Founded in 1983, the Claremont Institute of Economic Policy Studies encourages research on domestic and international economic policy issues. It is directed by Thomas D. Willett, Horton Professor of Economics, and helps coordinate research by students and faculty from CGU and the other Claremont Colleges, as well as a group of research associates.

In addition to carrying out specific research projects, the institute frequently organizes seminars and workshops, as well as sessions at the meetings of professional associations on various aspects of political economy and economic policy. It runs the Claremont Workshop on International Money and Financial Economics.

The institute has developed an international reputation for producing high-quality, policy-oriented research and has been a leader in promoting cooperative work between economists and political scientists.

As part of the Division of Politics and Economics in the School of Social Science, Policy and Evaluation at CGU, the institute helps promote close cooperation between CGU students and faculty and facilitates student mentoring, especially by helping students develop their skills in undertaking research and presenting results effectively. The institute is particularly proud of the record of its students in publishing their research, often jointly with faculty.

While the focus of the institute is on the applied analysis of economic and financial issues, the institute strongly believes that such analysis must rest on firm theoretical foundations. It also believes that no one theory or methodological approach is best for all situations. The nature of the particular problem being investigated helps to dictate the best approach. As a consequence of this philosophy, its work draws both on conventional assumptions of rational agents and on more recent developments in behavioral economics and finance. This is afforded by the strength of CGU’s faculty in behavioral economics and neuroeconomics.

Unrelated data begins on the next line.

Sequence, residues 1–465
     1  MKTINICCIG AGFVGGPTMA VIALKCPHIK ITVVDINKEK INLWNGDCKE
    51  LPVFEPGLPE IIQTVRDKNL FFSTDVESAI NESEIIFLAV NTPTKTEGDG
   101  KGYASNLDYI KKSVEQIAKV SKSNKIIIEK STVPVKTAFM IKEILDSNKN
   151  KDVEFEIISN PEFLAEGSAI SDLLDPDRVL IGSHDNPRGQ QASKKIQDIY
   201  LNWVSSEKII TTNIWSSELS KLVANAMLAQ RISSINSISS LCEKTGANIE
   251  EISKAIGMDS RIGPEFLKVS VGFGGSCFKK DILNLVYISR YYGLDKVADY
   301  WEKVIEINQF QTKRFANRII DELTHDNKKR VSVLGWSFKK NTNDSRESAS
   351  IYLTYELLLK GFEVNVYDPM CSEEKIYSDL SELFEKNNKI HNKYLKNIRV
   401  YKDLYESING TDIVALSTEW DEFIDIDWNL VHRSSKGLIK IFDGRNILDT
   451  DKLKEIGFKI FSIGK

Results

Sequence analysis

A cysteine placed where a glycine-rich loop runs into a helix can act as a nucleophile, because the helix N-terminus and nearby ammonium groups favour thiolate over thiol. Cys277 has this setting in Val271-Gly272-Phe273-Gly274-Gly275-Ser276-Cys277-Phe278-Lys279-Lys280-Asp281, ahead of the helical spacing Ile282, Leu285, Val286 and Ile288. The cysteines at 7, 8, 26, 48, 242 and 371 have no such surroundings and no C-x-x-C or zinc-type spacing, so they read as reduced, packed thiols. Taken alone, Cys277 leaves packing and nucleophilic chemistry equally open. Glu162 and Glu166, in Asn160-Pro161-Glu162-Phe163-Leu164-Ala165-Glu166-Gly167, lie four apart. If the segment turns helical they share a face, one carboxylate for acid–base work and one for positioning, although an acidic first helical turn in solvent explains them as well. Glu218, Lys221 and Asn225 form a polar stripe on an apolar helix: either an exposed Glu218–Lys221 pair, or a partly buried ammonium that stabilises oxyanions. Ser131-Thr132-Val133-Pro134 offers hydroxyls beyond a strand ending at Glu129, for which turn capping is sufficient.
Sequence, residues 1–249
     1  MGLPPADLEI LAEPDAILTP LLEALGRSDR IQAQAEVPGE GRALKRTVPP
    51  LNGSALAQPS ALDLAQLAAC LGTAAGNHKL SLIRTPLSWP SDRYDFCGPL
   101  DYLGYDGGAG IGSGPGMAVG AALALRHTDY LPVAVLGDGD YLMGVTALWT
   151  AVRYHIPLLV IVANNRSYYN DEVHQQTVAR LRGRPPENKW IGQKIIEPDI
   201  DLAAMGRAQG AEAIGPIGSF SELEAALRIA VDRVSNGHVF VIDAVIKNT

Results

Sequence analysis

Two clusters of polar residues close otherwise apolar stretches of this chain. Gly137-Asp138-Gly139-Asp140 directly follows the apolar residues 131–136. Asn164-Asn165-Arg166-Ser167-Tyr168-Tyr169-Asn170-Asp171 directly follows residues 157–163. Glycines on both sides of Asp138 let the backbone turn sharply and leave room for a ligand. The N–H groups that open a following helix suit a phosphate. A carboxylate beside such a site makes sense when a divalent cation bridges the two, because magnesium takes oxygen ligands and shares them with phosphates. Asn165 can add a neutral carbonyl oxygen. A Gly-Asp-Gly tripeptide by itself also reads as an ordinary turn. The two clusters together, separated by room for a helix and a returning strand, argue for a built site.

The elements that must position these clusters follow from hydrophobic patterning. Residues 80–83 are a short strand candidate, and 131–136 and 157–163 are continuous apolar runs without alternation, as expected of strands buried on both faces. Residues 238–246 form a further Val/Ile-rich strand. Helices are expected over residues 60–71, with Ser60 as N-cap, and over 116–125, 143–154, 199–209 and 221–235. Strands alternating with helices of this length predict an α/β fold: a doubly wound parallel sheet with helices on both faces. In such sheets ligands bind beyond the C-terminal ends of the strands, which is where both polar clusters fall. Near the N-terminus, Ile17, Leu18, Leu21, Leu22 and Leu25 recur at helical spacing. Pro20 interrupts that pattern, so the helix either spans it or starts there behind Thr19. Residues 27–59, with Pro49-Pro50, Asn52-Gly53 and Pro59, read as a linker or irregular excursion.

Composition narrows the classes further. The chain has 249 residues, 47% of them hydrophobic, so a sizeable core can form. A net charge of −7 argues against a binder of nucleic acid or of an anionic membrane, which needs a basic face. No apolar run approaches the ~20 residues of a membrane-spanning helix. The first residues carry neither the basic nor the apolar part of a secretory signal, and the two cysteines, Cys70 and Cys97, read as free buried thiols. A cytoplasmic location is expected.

Our approach recognizes important aspects of political economy and institutional design in formulating policy. In addition to using econometric techniques to analyze large data sets that have frequently been assembled by the institute, the institute also values carefully crafted case studies that add depth, nuances and richness to large sample analyses. This also allows emphasis to be placed on the important roles that different mental models or views of the world have on policy formulation, and especially on contemporary debates about the design of economic policy. Through its research, the institute seeks to have an impact on economic policy at both the national and international levels.

Current and recent research projects include:

  • Currency areas and exchange rate regimes
  • Political and economic determinants of the global financial crisis and the euro crisis
  • International capital flow surges and reversals and currency crises
  • International financial markets, credit booms and banking crises
  • International financial markets, credit booms and banking crises
  • Financial markets and exchange rate regimes as sources of discipline on economic policies
  • Financing economic development
  • Macroeconomic policies and international interdependence
  • International financial contagion
  • Market efficiency vs. behavioral finance hypotheses as ways of explaining the behavior of financial markets
  • Political economy of economic growth
  • China in the global economy
  • Inflation, deflation, and economic growth